District students are cutting classes at alarming rates, but a proposed plan by the Metro Transit Authority would monitor their whereabouts with an eye to cutting down on student-related crimes while they use the rail system.
This school year, police have picked up over 3,700 truant students and delivered them to school, according to Councilmember Sekou Biddle’s office. Meanwhile, recently released Metro data reveals that in 2010, there were 2,012 arrests, 507 of which involved youths. In total, the transit authority reported 2,279 crimes, up from 1,440 in 2006.
“We’ve seen statistics that there are increased increments of crime among school-age students during the day when they should be in school, so it would follow that those crimes being committed during school hours could possibly happen on the Metro as well,” D.C. Councilmember Sekou Biddle told the AFRO in a recent interview.
According to the Washington Post, Metro and city officials are considering strapping restrictions on students riding on its train and bus routes. Under the proposed guidelines, students would be issued passes with a chip that contains identification information. They currently use passes without IDs at a reduced fare.
The AFRO reached out to Metro for comment, but did not receive a response by press time.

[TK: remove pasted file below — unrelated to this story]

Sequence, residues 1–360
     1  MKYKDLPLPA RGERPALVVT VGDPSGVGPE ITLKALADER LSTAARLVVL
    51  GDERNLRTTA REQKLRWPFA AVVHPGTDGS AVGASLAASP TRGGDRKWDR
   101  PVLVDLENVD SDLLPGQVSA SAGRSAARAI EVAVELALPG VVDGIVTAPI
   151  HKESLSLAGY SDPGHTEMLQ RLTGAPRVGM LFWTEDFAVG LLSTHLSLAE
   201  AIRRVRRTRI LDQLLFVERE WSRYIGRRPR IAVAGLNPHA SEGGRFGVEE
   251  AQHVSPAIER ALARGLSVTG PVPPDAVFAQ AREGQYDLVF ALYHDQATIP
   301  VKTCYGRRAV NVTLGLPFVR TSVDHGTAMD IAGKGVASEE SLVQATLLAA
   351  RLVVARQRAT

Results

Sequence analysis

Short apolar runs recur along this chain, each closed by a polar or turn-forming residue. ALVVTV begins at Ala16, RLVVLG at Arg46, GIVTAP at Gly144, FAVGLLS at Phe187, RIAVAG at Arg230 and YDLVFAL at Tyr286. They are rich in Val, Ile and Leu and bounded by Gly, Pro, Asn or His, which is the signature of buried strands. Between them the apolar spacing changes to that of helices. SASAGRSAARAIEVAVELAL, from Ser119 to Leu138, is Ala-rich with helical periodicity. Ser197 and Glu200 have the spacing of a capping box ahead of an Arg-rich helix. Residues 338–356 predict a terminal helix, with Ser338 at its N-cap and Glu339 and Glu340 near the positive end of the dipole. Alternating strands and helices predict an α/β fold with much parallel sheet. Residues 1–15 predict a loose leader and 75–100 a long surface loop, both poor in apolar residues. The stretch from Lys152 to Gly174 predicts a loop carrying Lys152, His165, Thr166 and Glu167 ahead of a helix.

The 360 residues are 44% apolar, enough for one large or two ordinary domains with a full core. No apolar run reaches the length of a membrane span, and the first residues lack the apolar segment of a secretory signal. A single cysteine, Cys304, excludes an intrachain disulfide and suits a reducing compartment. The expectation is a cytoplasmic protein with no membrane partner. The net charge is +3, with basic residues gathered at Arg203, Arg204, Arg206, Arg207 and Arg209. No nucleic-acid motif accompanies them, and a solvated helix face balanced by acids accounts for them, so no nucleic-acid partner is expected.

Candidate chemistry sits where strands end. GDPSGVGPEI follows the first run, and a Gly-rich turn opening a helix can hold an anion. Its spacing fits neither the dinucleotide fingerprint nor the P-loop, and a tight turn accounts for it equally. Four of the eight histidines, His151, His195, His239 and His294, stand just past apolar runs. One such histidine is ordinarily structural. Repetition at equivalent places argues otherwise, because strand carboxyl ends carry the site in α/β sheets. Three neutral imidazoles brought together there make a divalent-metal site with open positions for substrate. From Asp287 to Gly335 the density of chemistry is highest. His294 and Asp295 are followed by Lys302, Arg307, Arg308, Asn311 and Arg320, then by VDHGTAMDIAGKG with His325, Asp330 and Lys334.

But, a spokesman for the District Department of Transportation told the Post that if implemented, the program could restrict Metro usage past 8 p.m. and on weekends—though teens would still be allowed to travel at a regular priced fare. A preliminary testing of the program is set to be launched at the District’s School Without Walls.
Locals seem to be welcoming of the proposal if it means better security for the system.
Iyyetta Hawkins, a District resident and mother of a 14-year-old daughter, said she flat out refuses to ride some of Metro’s bus lines because she feels her safety would be in jeopardy.
“I’m afraid to ride the X2 buses and I don’t let my daughter ride them either,” Hawkins told the AFRO. “I’ve witnessed a couple occasions where students break into fights on the back of the bus because there is no security, police presence or cameras. It’s just a ‘no-no’ for me.”
The rail lines have also had their considerable shares of student-related crimes, as some incidents have made their way into national headlines.
Last August, more than 70 teens were involved in a massive brawl on Metro’s Green Line at both the Gallery Place-Chinatown and the L’Enfant Plaza stations. After the scuffle, four teens were injured and three were arrested. And there have been more recent incidents of theft and violence.
Since the incident, officials have taken steps to enforce the city’s curfew and Metro has beefed up security in and around stations.
According to the Post, officials are set to review the ridership changes over the summer.
“Riding the Metro is just like riding a car…it’s not a right,” Kenneth Barnes, CEO and founder of the local nonprofit Reaching Out to Others Together (ROOT) told the AFRO.
“It’s a privilege to be able to drive a car and there are certain restrictions that you have to abide by in order to drive that car. I think the same thing in this particular instance. You cannot ignore the fact that we have some extremely violent children. Now, that’s a small minority, but the violent children should be monitored because they become predator and prey.”